Assisi Hospice

S’pore cancer patient makes hand cast for pregnant wife, dies next day

published by Mothership on February 15, 2024

If you were on the deathbed, how would your love for your partner manifest?

One 44-year-old liver cancer patient surnamed Yiu mustered up his strength to make a moulded hand cast of him and his wife holding hands — to immortalise his love for her and their unborn child.

The next day, he passed away.

The couple’s story was shared in a Valentine’s Day post by Assisi Hospice on Feb. 14, 2024.

Terminal diagnosis

The post stated that Yiu was diagnosed with end-stage liver cancer in February 2023 after experiencing persistent pain in his abdominal area.

His tumour was too large to be removed, and his condition wasn’t suitable for treatment, so doctors recommended palliative care.

He was admitted to Assisi Hospice a month later, in March 2023.

Yiu’s wife was also pregnant at the time, but Yiu knew he wouldn’t be able to meet their unborn child.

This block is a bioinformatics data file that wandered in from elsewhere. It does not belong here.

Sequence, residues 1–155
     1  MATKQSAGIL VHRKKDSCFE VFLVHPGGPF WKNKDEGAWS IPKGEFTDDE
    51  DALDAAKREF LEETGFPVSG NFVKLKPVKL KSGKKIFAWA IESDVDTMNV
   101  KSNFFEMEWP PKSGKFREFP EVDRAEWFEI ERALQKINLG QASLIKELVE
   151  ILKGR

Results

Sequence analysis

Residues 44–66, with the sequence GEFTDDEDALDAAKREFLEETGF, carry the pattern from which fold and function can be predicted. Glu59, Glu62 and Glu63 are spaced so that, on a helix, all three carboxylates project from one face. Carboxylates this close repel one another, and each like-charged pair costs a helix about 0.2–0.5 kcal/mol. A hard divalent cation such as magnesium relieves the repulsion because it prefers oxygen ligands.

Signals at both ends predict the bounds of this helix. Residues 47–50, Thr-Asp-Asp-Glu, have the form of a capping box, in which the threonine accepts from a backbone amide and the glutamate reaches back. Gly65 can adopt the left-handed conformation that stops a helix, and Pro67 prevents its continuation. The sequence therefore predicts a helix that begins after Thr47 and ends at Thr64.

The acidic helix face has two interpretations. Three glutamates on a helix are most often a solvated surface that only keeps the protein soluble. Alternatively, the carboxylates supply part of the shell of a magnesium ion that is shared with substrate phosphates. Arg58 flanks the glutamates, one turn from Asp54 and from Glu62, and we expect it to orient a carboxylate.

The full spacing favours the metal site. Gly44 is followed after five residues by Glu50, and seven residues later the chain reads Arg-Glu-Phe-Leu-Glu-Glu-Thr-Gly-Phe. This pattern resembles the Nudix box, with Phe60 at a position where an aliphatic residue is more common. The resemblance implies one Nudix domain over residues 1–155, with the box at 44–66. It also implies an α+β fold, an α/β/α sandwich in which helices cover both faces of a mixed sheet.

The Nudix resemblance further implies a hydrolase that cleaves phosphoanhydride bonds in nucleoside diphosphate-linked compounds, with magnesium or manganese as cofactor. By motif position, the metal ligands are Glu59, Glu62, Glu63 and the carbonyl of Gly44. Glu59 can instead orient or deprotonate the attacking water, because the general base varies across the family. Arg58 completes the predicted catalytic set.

He wanted to do something he could leave as a remembrance for them.

Making the hand casts

Yiu’s art therapist suggested he make a hand cast that his future child could hold.

“Even though he was already very weak, he persisted and even did one more hand cast, holding my hand,” Yiu’s wife shared in the post.

For the second cast, Yiu’s wife sat by his bedside, and the couple interlocked their fingers before dipping their hands in the alginate mixture.

The touching moment brought a smile to her face and tears to her eyes.

Memento for wife and future child

However, Yiu’s stay at the hospice would soon be cut short.

His condition quickly deteriorated, and he passed on the day after making the hand cast.

The completed cast was presented to Yiu’s wife at his wake.

Hospice therapists also helped create an artwork with handprints of his family and saved a recording of his heartbeat for his future child to listen to.

Yiu’s wife was impressed with the realistic hand cast.

“The hand cast looks very real, you can see the lines on his hand,” she said.

“When I miss him, I will look at his photos, and also the hand cast that we made.”

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